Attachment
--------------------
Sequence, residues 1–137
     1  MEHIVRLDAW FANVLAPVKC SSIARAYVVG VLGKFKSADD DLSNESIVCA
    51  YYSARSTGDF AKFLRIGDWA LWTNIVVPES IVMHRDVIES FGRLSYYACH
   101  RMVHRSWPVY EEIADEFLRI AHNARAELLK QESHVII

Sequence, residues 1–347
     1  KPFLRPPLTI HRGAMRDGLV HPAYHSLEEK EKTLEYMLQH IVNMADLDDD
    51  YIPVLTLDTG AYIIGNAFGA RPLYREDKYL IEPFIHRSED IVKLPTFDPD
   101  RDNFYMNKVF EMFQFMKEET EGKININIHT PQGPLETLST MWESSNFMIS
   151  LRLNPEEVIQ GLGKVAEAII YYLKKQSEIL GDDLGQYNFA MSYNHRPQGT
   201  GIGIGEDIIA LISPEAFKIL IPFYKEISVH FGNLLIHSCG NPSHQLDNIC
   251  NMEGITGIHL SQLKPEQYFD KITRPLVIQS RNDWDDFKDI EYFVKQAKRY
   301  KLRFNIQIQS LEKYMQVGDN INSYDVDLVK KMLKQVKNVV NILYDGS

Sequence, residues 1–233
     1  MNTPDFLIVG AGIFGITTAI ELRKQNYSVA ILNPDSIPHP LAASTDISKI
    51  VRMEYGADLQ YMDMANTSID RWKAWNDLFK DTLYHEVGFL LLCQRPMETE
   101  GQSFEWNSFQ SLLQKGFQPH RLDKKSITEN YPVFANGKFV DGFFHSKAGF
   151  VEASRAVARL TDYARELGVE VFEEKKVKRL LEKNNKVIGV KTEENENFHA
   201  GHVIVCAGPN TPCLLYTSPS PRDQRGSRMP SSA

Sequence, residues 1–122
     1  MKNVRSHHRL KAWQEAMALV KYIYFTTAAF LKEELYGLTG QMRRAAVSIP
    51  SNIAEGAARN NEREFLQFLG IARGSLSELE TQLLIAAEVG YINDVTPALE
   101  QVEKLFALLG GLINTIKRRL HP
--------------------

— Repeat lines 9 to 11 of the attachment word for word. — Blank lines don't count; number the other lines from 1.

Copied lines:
   151  LRLNPEEVIQ GLGKVAEAII YYLKKQSEIL GDDLGQYNFA MSYNHRPQGT
   201  GIGIGEDIIA LISPEAFKIL IPFYKEISVH FGNLLIHSCG NPSHQLDNIC
   251  NMEGITGIHL SQLKPEQYFD KITRPLVIQS RNDWDDFKDI EYFVKQAKRY